Burnaby Personal Injury Lawyer
If you’re hurt in a car crash which delays your graduation from university because you can’t study full-time, you could be entitled to money compensation, i.e., damages. Take the recent case of Amy, a 17-year old Grade 12 student (name changed to protect her).
Amy was driving a van in Burnaby, waiting to turn left at an intersection. She was rear-ended by another van driven by Mr. P. He (and another defendant) admitted the accident was his fault. The B.C. Supreme Court had to determine what amounts of money would fairly compensate Amy for her physical and psychological injuries.
Amy suffered headaches and neck, right shoulder, mid- and lower-back pain, as well as pain in her wrists and right ankle. She also suffered some emotional difficulties, such as anxiety attacks. Some of her physical injuries got better over time, but she continued to have headaches and anxiety issues, for which she took medication.
Before the accident, Amy had been an honour roll student, with grade averages of 85% and 83.7% in her first and second Grade 12 terms. In her third term, after the accident, her grade average dropped to 53.25%, and she graduated with a grade average of 78.1% for the year. Before the accident, she had planned to study engineering at UBC and take a full course load, which was a very realistic expectation given her history. Afterwards, due to the accident, she was only able to carry a part-time course load at SFU.
By the time of trial, Amy had obtained 67 of the 120 credits needed to graduate. Her graduation had already been delayed by a year and 7 months, and that delay was likely to become two years. She now planned to go on to graduate school for a Master’s degree and work in public health or health administration.
The court awarded her $70,000 as compensation for two years of delayed university graduation. This was based on a yearly starting salary of $35,000 that she could expect to get in a suitable job after she graduated.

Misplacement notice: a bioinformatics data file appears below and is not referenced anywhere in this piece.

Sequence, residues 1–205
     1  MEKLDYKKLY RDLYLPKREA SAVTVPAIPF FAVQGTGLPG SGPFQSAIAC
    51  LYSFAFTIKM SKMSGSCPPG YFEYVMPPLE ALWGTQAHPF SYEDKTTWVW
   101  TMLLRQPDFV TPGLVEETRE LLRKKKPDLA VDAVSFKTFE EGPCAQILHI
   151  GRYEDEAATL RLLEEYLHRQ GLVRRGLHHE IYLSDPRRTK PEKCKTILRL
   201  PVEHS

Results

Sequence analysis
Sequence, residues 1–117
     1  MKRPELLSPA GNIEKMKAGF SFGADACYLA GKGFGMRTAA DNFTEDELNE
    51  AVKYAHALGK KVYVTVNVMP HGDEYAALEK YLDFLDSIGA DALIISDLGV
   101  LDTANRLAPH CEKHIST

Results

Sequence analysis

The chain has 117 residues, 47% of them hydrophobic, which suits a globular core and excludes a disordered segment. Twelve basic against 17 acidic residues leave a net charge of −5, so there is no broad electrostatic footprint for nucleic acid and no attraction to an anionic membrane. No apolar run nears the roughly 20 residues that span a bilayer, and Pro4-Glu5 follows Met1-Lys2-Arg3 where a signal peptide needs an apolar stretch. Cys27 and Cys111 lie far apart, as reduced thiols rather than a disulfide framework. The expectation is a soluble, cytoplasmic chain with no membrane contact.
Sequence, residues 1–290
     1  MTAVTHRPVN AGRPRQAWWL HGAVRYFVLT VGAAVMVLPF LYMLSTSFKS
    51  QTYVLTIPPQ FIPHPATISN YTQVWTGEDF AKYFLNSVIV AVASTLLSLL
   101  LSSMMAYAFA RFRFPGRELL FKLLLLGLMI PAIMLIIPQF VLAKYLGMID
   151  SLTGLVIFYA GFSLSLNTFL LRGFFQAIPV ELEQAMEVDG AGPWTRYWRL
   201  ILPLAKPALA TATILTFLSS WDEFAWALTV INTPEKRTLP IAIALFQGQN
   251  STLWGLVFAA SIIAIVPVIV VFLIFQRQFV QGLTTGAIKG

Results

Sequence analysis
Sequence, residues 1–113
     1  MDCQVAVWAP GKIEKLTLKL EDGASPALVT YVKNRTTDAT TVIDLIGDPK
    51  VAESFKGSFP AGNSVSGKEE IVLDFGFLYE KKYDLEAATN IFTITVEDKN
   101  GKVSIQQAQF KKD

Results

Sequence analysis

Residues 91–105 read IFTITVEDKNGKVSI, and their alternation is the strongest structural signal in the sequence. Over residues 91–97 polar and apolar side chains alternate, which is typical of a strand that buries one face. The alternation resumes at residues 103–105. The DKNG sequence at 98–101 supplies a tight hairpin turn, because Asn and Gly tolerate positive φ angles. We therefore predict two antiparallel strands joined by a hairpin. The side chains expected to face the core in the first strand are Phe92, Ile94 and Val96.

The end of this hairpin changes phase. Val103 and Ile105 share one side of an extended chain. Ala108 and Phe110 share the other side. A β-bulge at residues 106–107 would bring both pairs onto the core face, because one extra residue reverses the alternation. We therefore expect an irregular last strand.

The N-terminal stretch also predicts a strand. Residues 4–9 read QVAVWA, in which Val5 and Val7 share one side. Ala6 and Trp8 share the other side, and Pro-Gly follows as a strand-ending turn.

This case also illustrates that car crash victims may be entitled to compensation for other types of losses. Here, for example, Amy was also awarded $50,000 for her “pain and suffering,” $23,300 for loss of (past) income, $7,500 for loss of housekeeping capacity and $13,750 for costs of future care (such as physiotherapy and psychological counselling). She was also awarded some $4,300 for special damages (essentially out-of-pocket costs because of the crash).
There are other types of accident losses that may also be compensated, for example loss of future earning capacity – it depends, in each case, on what it takes to put the victim, so far as practically possible financially, in the same position as if the car crash hadn’t happened. Of course, the devil is always in the details of each particular situation, and there is often some vigorous debate between the lawyers for the victim and those of the defendant (often in reality representing an insurance company like ICBC) about what damages really are due to a particular car crash.
If you’re injured in a car crash, it makes sense to seek legal advice promptly. Your lawyer can advise you and help you obtain the compensation to which you may be entitled.
Janice Mucalov, LL.B. for Gertsoyg & Company. This column provides information only and must not be relied on for legal advice. Please call Gertsoyg & Company at (604) 602-3066 for a free legal consultation concerning your particular case.